The Cardno ChemRisk View
Wine and Arsenic Featured
In March of last year, reports on the potential health risks of elevated arsenic concentrations in a select group of California wines were making the media rounds. These stories were reporting that the arsenic concentrations in these wines were above the U.S. Environmental Protection Agency's limit of 10 μg/L for drinking water.
A group of scientists at Cardno ChemRisk (Paustenbach et al., 2016) addressed the topic in their recently published study titled "Analysis of Total Arsenic Content in California Wines and Comparison to Various Health Risk Criteria." The purpose of this study was to evaluate potential arsenic exposure from consuming California wines. Cardno ChemRisk collected sample wines from the group of wines publicized by the media as "high arsenic" wines, as well as other randomly selected wines produced or bottled in California. The publicized wines were found to have greater total arsenic concentrations (mean = 25.6 μg/L) than the randomly selected wines (mean = 7.42 μg/L). Analysis by wine type indicated that blush wines contained the highest concentrations of arsenic (mean = 27.2 μg/L), followed by white (mean = 10.9 μg/L) and red wines (mean = 6.75 μg/L). In addition, the researchers also found that, on average, lower priced wines contained higher arsenic concentrations than did higher priced California wines.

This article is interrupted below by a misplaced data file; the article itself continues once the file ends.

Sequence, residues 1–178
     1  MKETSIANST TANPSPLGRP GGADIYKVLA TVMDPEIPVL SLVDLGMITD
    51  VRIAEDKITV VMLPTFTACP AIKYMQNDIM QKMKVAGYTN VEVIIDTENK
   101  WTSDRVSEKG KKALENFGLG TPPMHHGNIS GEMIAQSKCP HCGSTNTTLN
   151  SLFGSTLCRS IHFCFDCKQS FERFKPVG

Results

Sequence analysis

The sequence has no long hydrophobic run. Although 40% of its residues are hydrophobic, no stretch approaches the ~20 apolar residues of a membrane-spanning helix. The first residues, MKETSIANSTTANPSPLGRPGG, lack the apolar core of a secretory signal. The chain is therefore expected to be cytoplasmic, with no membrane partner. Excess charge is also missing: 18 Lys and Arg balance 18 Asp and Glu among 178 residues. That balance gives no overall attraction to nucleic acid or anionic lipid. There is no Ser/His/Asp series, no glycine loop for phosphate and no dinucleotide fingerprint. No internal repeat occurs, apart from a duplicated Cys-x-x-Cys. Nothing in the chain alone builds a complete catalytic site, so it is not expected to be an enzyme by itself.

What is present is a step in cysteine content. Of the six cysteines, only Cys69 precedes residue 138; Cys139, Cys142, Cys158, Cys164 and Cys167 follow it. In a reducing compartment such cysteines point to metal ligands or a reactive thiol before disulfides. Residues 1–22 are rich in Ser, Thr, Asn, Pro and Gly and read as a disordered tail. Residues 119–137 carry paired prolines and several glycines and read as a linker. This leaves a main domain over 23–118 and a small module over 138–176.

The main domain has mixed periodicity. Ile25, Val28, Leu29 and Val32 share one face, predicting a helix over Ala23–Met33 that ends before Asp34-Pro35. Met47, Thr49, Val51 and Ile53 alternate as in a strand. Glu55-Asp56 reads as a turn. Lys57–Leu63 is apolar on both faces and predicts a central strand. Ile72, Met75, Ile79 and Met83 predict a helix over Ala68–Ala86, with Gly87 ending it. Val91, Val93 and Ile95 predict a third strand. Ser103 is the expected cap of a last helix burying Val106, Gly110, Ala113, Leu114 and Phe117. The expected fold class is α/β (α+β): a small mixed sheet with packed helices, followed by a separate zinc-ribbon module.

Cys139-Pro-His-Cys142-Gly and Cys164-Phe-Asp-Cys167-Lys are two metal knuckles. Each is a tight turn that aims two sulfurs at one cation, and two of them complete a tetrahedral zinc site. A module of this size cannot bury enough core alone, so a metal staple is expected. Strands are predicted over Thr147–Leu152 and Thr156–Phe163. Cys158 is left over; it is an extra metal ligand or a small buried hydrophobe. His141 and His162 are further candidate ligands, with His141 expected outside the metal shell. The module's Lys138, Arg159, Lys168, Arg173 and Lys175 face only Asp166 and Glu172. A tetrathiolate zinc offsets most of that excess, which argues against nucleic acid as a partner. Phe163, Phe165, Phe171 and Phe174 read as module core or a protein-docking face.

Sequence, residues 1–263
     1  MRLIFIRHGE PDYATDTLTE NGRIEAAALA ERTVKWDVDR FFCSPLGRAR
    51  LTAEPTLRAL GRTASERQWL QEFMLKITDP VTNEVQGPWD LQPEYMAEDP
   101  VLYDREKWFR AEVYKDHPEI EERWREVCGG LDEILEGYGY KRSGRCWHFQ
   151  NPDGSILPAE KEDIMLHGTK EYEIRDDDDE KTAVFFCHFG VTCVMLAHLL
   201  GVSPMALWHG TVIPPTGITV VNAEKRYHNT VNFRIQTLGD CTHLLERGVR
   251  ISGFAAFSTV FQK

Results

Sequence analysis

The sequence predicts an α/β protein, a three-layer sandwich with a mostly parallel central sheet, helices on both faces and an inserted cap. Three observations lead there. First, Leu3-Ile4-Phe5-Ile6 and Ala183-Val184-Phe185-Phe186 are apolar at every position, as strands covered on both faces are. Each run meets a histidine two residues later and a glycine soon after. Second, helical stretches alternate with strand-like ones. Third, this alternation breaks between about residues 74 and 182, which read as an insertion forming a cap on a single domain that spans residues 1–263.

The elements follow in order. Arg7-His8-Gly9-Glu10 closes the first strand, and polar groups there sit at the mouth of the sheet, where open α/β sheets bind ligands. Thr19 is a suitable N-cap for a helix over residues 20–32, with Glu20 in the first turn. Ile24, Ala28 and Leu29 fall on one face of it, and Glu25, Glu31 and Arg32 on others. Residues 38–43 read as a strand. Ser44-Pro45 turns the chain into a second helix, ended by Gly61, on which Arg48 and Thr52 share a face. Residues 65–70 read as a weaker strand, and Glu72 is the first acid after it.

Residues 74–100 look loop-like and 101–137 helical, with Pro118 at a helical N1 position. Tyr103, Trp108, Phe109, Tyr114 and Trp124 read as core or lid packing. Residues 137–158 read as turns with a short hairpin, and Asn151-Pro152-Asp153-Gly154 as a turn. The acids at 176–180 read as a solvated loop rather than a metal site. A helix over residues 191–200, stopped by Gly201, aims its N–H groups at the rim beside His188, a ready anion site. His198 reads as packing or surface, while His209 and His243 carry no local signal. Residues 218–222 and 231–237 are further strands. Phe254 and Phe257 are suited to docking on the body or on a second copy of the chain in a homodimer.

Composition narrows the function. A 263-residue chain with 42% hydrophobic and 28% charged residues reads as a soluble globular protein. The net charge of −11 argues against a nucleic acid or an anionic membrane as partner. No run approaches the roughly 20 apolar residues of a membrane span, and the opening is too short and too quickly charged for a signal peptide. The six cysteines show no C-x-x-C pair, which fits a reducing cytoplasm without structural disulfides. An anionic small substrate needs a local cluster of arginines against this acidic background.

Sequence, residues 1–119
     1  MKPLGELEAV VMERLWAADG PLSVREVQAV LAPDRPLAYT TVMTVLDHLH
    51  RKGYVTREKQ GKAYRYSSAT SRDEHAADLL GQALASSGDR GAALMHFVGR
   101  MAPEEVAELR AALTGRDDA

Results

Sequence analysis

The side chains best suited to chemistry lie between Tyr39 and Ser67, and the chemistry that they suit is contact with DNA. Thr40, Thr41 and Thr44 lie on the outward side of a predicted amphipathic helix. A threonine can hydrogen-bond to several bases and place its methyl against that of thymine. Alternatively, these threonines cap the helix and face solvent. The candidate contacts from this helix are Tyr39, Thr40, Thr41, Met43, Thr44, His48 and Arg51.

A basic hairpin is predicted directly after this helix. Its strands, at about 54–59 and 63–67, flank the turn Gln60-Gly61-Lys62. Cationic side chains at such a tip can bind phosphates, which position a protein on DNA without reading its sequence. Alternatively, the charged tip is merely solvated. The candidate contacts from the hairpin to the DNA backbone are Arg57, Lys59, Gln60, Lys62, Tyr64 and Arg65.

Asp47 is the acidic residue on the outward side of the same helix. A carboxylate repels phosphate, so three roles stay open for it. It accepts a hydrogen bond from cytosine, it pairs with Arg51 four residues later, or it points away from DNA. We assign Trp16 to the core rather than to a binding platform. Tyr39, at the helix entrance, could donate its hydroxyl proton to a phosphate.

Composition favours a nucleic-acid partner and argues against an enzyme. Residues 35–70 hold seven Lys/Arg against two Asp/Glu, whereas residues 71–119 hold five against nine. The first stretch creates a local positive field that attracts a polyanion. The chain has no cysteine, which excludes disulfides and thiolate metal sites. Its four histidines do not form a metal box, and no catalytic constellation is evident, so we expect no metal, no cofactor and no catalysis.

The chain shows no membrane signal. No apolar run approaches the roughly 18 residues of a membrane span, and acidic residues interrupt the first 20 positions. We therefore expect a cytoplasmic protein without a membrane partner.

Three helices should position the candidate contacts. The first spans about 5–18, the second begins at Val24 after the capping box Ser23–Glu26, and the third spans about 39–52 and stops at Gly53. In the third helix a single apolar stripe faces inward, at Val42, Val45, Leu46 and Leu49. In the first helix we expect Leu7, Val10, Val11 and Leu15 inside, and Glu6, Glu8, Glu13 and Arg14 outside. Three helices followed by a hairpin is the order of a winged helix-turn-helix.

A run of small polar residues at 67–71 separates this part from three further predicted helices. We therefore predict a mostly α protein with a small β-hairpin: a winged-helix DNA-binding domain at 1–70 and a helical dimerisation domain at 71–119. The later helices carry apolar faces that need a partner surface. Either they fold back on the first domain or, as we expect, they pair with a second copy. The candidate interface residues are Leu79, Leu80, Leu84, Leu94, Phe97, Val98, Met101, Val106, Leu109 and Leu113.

Using standard risk assessment principles, Cardno ChemRisk scientists evaluated whether or not the presence of arsenic in wine could pose a health risk to consumers. Multiple factors were considered in the analysis, including the wine's total arsenic concentration, the consumer's age and body weight, the consumer's frequency of wine consumption and total lifetime wine consumption, and overall dietary arsenic consumption in the general population. The authors found that arsenic in wine only contributed to a fraction (8.3% or less) of a consumer's total arsenic exposure received through diet.
In addition, the authors noted that not a single California wine tested had arsenic concentrations above the current Canadian and International Organisation of Vine and Wine (OIV) limits for arsenic in wine of 100 µg/L and 200 µg/L, respectively (todate, the United States does not have a regulatory limit for arsenic content in wine). The authors note that that the likelihood of any California wine exceeding the Health Canada limit of 100 µg/L is below 0.3%. Ultimately, the study clearly demonstrates that "the presence of arsenic in wine does not represent a health risk for consumers" (Paustenbach et al., 2016: p. 179).
The abstract of the article is available here